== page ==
Canine pulmonary hypertension, Part 2: Diagnosis and treatment - Veterinary Medicine
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Canine pulmonary hypertension, Part 2: Diagnosis and treatment
Once a death sentence, canine pulmonary hypertension no longer carries such a grave prognosis—in part, because of advanced diagnostic tools and the availability of sildenafil therapy.



Treating canine pulmonary hypertension should be approached with several goals in mind. First and foremost, treatment should be aimed at decreasing clinical signs: improving exercise intolerance, dyspnea, and cough and decreasing syncopal events. In addition, treatment should also be instituted to decrease the patient's hospitalization time, improve quality of life, and increase survival time. These goals can be accomplished by identifying and treating the underlying cause of pulmonary hypertension and, often, by using medications to help decrease pulmonary arterial pressure and the workload of the right ventricle.

Based on recommendations from our human counterparts, therapy should be started in any patients with functional class III or IV disease, with the goal of reassigning them to class I or II.20

Prostacyclin analogues

Prostacyclin is a known vasodilator and platelet inhibitor and also has antiproliferative effects.8,13 Prostacyclin analogues include epoprostenol, treprostinil, and iloprost. Epoprostenol and treprostinil are given intravenously. Treprostinil can be given subcutaneously, and iloprost is given as an inhalant. In people, these medications improve symptoms and survival. Side effects include anemia, thrombocytopenia, hypotension, and gastrointestinal symptoms.8

Prostacyclin analogues have been found to be experimentally effective in treating canine pulmonary hypertension, but there are no published clinical trials. Prostacyclin analogues improve cardiac output, vasodilation, and right ventricular performance.21,22 Unfortunately, prostacyclin analogues are exorbitantly expensive and are not practical for administration in veterinary patients.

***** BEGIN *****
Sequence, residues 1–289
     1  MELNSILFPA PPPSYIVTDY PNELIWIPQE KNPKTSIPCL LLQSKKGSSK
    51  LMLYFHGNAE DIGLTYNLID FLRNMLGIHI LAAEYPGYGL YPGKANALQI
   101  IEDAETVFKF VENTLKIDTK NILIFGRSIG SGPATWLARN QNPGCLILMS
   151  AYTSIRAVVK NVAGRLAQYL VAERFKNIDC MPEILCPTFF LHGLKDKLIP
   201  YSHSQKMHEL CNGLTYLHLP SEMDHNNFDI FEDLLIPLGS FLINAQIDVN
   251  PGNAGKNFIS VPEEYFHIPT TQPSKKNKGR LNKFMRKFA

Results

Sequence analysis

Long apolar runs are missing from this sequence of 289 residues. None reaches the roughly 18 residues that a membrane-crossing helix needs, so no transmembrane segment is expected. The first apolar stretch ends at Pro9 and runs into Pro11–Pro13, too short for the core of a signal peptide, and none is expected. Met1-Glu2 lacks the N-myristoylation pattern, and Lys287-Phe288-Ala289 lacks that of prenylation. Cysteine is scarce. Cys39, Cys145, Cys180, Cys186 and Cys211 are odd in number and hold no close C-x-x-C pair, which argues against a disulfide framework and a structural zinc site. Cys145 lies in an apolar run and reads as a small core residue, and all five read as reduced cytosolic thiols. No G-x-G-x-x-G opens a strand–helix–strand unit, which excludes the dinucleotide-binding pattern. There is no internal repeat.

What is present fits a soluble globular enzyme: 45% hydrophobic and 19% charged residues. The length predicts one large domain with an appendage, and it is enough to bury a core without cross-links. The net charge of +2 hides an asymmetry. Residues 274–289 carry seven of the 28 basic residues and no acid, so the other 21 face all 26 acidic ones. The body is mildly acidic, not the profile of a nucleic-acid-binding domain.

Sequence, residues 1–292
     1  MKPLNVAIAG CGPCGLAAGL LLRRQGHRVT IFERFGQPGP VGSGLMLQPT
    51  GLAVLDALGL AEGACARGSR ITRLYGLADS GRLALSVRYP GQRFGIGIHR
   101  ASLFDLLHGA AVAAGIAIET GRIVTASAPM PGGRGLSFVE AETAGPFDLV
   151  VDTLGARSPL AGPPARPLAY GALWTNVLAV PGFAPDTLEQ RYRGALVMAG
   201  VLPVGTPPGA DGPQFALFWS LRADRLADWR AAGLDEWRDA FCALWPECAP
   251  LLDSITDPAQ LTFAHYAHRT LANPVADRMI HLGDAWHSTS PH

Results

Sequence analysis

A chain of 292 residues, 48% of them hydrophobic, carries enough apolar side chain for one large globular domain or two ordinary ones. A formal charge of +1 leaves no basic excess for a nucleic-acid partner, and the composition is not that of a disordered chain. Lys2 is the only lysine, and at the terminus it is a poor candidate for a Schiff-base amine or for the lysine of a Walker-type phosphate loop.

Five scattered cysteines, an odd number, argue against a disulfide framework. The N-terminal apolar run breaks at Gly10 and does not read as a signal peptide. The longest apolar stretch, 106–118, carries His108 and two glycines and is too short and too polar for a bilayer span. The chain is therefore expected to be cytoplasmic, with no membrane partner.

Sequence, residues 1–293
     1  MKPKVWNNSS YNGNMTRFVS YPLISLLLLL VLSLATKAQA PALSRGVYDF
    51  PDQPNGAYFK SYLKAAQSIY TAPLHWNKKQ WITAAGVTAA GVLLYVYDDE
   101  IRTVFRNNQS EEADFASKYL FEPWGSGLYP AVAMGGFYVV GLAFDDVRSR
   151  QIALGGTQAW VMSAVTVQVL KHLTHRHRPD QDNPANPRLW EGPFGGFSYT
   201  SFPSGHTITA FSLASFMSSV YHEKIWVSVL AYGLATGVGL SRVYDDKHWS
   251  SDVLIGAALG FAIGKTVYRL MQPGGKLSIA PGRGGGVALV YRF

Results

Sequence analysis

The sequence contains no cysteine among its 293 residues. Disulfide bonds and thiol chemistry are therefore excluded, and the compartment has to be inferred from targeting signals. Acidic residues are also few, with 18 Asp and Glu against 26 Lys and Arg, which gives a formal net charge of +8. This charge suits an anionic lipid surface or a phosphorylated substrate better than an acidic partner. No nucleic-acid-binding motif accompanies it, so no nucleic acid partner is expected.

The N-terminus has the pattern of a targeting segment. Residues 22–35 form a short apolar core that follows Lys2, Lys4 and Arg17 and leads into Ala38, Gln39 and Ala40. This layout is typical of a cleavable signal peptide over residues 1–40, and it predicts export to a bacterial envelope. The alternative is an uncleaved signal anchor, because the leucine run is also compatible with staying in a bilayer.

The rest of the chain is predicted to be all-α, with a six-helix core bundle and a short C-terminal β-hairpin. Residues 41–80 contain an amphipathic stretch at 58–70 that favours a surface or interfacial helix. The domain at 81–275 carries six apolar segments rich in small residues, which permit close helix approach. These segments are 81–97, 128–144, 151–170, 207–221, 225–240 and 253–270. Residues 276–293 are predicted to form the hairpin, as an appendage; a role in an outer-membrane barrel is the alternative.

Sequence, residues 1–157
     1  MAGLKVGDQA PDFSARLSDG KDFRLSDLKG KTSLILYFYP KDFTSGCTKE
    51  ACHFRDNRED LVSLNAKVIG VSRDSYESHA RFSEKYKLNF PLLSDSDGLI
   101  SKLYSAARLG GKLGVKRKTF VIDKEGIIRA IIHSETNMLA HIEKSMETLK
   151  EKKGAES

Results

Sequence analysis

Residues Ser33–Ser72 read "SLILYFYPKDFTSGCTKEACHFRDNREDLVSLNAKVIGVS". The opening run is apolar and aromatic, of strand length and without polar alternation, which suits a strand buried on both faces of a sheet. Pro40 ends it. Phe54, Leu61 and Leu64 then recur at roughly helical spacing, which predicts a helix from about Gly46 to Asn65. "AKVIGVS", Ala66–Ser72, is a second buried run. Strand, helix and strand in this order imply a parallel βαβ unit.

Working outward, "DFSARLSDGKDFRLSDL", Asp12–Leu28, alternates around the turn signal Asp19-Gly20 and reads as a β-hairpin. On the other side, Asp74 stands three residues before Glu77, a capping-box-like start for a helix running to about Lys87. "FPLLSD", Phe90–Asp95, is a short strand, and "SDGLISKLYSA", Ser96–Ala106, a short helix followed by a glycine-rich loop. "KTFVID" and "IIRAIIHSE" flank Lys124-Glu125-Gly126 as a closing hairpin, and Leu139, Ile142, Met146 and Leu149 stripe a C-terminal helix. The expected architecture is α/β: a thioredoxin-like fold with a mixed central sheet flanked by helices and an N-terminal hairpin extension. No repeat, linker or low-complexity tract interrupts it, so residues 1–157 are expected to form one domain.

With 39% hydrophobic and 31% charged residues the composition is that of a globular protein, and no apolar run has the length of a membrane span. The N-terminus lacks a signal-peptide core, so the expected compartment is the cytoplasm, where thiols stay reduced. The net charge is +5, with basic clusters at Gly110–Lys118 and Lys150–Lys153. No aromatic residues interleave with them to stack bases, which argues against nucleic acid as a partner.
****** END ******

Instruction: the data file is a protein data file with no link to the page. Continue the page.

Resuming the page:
Endothelin antagonists

As discussed previously in Part 1 of this article series, endothelin-1 causes vasoconstriction, smooth muscle proliferation, and vascular remodeling. By antagonizing the actions of endothelin-1, pulmonary arterial pressure can be decreased. The most common endothelin antagonists include bosentan, sitaxsentan, and ambrisentan. These oral medications have been shown to improve exercise intolerance, pulmonary arterial pressure, and even pulmonary vascular resistance in people.8,23 Side effects in people include dose-dependent hepatotoxicosis, anemia, and birth defects.8

Bosentan has been assessed in dogs in experimental settings. In these patients, bosentan was effective and was been found to decrease vascular remodeling in induced pulmonary hypertension, improve myocardial function, and decrease ventricular remodeling.24,25 Unfortunately, there are no clinical trials of endothelin antagonists in dogs with naturally occurring disease. Endothelin antagonists, while less expensive than prostacyclin analogues, are considered cost-prohibitive in veterinary patients.

Nitric oxide and nitrates

Nitric oxide is an inhaled vasodilator, while isosorbide dinitrate and isosorbide mononitrate are oral vasodilators. Nitrates are given to people for their antianginal effects but have limited application for treating pulmonary hypertension. These medications are not commonly used in veterinary medicine because of potentially severe side effects.

L-arginine, the precursor to nitric oxide, has been administered to people with pulmonary hypertension. This drug is given orally and may improve nitric oxide concentrations and cause vasodilation. In people, this drug is questionably effective, but there are no studies in dogs.26


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